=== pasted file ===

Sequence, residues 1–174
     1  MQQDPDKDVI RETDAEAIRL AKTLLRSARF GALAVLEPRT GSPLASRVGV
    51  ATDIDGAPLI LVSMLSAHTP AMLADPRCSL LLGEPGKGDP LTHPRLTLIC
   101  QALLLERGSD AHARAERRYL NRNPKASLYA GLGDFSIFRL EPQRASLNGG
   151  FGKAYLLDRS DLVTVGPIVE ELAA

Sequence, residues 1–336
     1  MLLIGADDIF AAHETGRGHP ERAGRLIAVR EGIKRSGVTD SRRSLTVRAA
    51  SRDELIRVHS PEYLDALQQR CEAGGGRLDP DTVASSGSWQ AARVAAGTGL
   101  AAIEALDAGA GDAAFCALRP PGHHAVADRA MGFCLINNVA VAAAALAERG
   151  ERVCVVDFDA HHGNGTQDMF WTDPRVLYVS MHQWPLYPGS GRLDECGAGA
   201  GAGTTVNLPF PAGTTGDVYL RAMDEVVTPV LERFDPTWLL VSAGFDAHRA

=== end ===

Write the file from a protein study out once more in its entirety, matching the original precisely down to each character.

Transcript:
Sequence, residues 1–174
     1  MQQDPDKDVI RETDAEAIRL AKTLLRSARF GALAVLEPRT GSPLASRVGV
    51  ATDIDGAPLI LVSMLSAHTP AMLADPRCSL LLGEPGKGDP LTHPRLTLIC
   101  QALLLERGSD AHARAERRYL NRNPKASLYA GLGDFSIFRL EPQRASLNGG
   151  FGKAYLLDRS DLVTVGPIVE ELAA

Sequence, residues 1–336
     1  MLLIGADDIF AAHETGRGHP ERAGRLIAVR EGIKRSGVTD SRRSLTVRAA
    51  SRDELIRVHS PEYLDALQQR CEAGGGRLDP DTVASSGSWQ AARVAAGTGL
   101  AAIEALDAGA GDAAFCALRP PGHHAVADRA MGFCLINNVA VAAAALAERG
   151  ERVCVVDFDA HHGNGTQDMF WTDPRVLYVS MHQWPLYPGS GRLDECGAGA
   201  GAGTTVNLPF PAGTTGDVYL RAMDEVVTPV LERFDPTWLL VSAGFDAHRA